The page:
Inside law: What does “extraordinary” really mean to US immigration? - Szew Law Group

Inside law: What does “extraordinary” really mean to US immigration?

 In Entertainment Visas, O Visas, Szew Law Group Blog, Visa Options

Andrea Szew is the founder of Los Angeles law firm Szew Law Group, which has specialised in US immigration for the entertainment industry for over 15 years.

One type of US work visa that is heavily sought after in the entertainment industry is the O visa, issued to individuals who are extraordinary in their field. It is not a visa just for actors or actresses, but for anyone at the top of their field, including directors, cinematographers, costume designers, or producers, to name a few.

Extraordinary according to the United States Citizenship and Immigration Services (USCIS) is not necessarily what you would normally think. USCIS looks for individuals whose skills are significantly or substantially above those ordinarily encountered in their field of work. This is determined based on the applicant’s presentation of evidence. Therefore, to be considered extraordinary and be granted an O visa, applicants must provide documented proof they meet at least three of the listed criteria in USCIS’s regulations OR they must have won an award that is internationally recognized (e.g. Oscar, AACTA Award, BAFTA, etc).

Today it is imperative for those who apply for this type of visa to have a solid understanding of what will qualify them as “extraordinary”. These petitions are being scrutinised more closely than ever before. Be aware that, even though there are clear criteria, there is a very high level of subjectivity that goes into the officer’s final determination. Therefore, it is absolutely critical that the petition is organised and thorough, including substantial and relevant support for each criterion the applicant claims to satisfy.

The following are tips and pointers on a few of the criteria commonly used by applicants to prove extraordinary ability:

Recognition for achievements in the media  

This criterion is one that is easier to satisfy for some in the industry and harder for others. Many individuals within the industry, like certain producers, do not receive much credit in the media, but still play critical and lead roles. These behind-the-scenes individuals can still be considered extraordinary, but because they have little or no media about themselves anywhere, it’s better to leave this criterion to the people in front of the camera. There are plenty of other criteria that can be met without worrying about this one.

Lead, critical, or starring role for distinguished organisations

The word “organisation” changes depending on the field that is the focus of the petition.  In the entertainment industry, more specifically in motion picture and television, production companies are often used in this criterion. For example, if an applicant has worked in a lead or critical role on multiple projects that were produced by a company that has a significant reputation in the industry, this criterion is a good one to focus on. The evidence to support this usually comes in the form of letters from the production companies discussing in detail projects, the success of the projects to the company, and how the applicant’s role contributed significantly to the company’s success. Since these letters are the key evidence to satisfy this criterion, it is critical that they are written by someone significant in the company and submitted with sufficient evidence of the company’s importance in the industry.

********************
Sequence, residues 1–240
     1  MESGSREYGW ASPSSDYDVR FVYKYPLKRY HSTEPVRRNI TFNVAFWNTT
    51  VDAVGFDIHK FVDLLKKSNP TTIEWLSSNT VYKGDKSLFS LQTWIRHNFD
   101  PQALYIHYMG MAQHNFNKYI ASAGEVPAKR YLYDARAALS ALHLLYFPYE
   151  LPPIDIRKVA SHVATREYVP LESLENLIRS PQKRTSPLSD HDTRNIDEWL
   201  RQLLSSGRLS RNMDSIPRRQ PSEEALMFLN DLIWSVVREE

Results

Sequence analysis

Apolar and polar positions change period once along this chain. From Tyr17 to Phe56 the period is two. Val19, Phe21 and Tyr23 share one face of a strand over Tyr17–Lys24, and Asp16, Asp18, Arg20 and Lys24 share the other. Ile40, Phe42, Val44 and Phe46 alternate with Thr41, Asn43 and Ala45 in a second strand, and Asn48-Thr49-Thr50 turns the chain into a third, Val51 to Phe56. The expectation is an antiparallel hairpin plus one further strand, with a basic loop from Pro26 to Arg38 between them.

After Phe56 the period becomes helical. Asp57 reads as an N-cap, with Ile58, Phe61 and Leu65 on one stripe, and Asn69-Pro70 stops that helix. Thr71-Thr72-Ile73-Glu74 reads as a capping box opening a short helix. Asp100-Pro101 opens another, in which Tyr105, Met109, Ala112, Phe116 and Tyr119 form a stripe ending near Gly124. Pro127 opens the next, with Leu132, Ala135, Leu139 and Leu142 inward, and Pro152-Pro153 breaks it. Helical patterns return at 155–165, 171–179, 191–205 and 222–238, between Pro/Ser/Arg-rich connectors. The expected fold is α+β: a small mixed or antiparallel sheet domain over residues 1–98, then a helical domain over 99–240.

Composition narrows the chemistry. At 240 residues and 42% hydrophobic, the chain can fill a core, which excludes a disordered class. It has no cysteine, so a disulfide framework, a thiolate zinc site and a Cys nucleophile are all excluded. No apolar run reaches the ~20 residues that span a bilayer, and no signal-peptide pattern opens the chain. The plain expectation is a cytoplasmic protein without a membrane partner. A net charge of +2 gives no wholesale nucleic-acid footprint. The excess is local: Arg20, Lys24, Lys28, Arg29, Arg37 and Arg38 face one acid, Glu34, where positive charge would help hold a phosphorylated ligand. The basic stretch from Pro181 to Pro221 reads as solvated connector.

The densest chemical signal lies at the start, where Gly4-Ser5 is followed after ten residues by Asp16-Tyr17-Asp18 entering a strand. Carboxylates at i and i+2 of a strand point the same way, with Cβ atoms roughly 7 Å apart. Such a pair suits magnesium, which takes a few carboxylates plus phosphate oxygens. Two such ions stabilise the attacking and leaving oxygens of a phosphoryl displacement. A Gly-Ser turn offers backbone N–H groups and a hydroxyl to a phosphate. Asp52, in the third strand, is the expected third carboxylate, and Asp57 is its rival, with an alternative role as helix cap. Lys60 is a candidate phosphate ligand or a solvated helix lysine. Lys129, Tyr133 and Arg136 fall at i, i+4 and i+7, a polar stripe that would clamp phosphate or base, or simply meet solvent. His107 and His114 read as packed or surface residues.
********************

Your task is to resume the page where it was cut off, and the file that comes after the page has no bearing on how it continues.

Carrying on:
Experts in the industry believe the applicant is extraordinary.

This criterion is not met based on the number of letters submitted. It is better to have quality over quantity when it comes to presenting letters from experts. Research carefully the individuals who will write letters on the applicant’s behalf and make sure they are truly exceptional. Also, it is always a good idea to include documentation, media, and other support about the person writing the letter to be sure that the officer understands the value of the letter and who has signed it. Never assume that an officer knows the person who signed the letter. I learned that lesson years ago when an officer didn’t even know who Al Pacino was!

Finally, it is important to remember the petition is not just about checking the box on three criteria, but demonstrating to USCIS that the applicant is someone worthy of attention. The evidence presented should lend itself to creating a story and painting a picture of the applicant’s accomplishments, so the officer reviewing the case can clearly see and understand how truly extraordinary and deserving of the visa the applicant actually is.

For a full listing of criteria for the O visa visit:

The Szew Law Group is based in Los Angeles and consults internationally on immigration to the USA. 

This article originally appeared in IF Magazine #177 June-July. 

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